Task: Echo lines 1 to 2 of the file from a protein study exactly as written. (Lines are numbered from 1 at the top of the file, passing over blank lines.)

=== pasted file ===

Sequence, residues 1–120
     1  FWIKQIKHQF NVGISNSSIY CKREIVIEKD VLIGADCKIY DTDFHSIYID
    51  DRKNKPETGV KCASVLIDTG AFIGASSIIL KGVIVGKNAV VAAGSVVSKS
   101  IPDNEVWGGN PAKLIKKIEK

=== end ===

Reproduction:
Sequence, residues 1–120
     1  FWIKQIKHQF NVGISNSSIY CKREIVIEKD VLIGADCKIY DTDFHSIYID